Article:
I should stop to clarify that I don’t think most doctors order these unnecessary interventions because it profits them to do so. On balance, I believe that the majority of physicians are ethical professionals who are generally intent on providing for their patients’ welfare above all. Most of these needless tests and treatments are probably ordered due to a combination of holding on to obsolete clinical practices and defensive medicine. That doesn’t make the choice to order them right, but it does save it from being contemptible.
The recommendations also include an urging to patients to question when those interventions are ordered. Any physician who is ordering these things for a good reason should be able to explain why to the patient’s satisfaction. Hell, even for interventions that aren’t on this list physicians should be explaining their reasoning to their patients anyway. But knowing that these tests and treatments are often ordered for no good reason may make those seeking care (who are, much as I dislike to think of them this way, consumers after all) more savvy about what they’re getting and less credulous when the provider’s motives are shaky.
This post is already long enough as it is, but I do also want to touch on the one intervention I do order commonly that ended up on this list.
I prescribe antibiotics for sinus infections relatively commonly. I would gladly stop, and if these recommendations actually have an impact and people stop wanting them I would be delighted. The truth is that almost all sinus infections would resolve without my doing anything at all, and I’d be inclined to let them. Why do I order antibiotics, then? Anyone want to guess?
I order them because patients demand them. And it would be great if they’d stop.
From a different but related piece in the Times:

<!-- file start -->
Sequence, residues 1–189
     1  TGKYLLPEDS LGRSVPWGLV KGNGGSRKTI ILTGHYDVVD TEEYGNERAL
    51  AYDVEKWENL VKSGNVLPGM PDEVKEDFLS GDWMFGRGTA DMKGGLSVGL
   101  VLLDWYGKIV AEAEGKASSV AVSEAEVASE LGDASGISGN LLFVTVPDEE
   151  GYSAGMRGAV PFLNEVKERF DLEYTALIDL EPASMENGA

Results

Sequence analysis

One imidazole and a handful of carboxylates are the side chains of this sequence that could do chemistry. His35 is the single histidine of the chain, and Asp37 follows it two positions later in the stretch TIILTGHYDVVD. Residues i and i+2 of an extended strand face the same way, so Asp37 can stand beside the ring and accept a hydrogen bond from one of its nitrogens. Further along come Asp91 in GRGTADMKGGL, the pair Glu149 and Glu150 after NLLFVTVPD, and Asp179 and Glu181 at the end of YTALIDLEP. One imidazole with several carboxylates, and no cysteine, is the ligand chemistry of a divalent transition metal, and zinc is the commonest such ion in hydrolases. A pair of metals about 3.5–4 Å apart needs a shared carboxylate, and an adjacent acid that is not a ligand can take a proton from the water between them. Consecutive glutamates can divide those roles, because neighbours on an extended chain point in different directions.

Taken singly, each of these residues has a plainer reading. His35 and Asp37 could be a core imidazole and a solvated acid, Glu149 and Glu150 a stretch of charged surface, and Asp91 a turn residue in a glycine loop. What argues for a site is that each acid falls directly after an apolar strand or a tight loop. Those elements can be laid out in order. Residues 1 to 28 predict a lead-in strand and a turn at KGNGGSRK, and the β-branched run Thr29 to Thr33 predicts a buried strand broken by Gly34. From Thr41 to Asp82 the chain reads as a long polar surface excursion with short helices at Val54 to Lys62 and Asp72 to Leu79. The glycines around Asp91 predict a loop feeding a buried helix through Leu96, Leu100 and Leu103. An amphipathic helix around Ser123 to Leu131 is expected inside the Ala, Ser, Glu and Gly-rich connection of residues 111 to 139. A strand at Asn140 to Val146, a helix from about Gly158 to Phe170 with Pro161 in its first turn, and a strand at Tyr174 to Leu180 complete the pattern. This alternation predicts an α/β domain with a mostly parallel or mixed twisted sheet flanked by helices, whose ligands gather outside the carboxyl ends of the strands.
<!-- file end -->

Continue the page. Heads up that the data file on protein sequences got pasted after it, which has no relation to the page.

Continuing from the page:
While diagnosing bronchitis, a common respiratory infection, is often easy, treating the condition is more difficult. Medicines may calm the symptoms, but the only cure is time. Most notably, antibiotics, though commonly prescribed, are no better than a placebo for bronchitis. Yet discussing this can be a bit of a minefield for physicians, particularly when patients are used to antibiotics for such infections. So when I sat down to talk to my patient, I was surprised when she cut me off.
“If it’s O.K. with you” she said, wiping her nose with a tissue, “I’d like to avoid antibiotics, with all those side effects.”
I do have plenty of patients/parents who are perfectly content with avoiding antibiotics for infections that I am confident are viral. I am genuinely grateful for them. But I will buy you the cold beverage of your choice [note: claims must be redeemed in Las Vegas in late May] if you can find a medical provider who hasn’t tried their best to talk a patient out of a prescription for an antibiotic and failed. Then it becomes a decision about how much you’re willing to piss off your patient in order to avoid an unnecessary course of antibiotics. I would be lying if I pretended that I didn’t cave. Usually I can find something to hang my hat on when calling it a “sinus infection” instead of an uncomplicated upper respiratory infection, but the cases where I’ve genuinely suspected a bacterial source are a distressingly small proportion of total antibiotic prescriptions I’ve written for same. Feel free to shame me for my pusillanimity in the comments.
For patients to start questioning their doctors when they write out a prescription for antibiotics to treat a sinus infection would be a pretty big change from the status quo. Which isn’t to say it wouldn’t be appropriate and salubrious to do so. Just that I think it’ll take more than a set of recommendations to make it come to pass.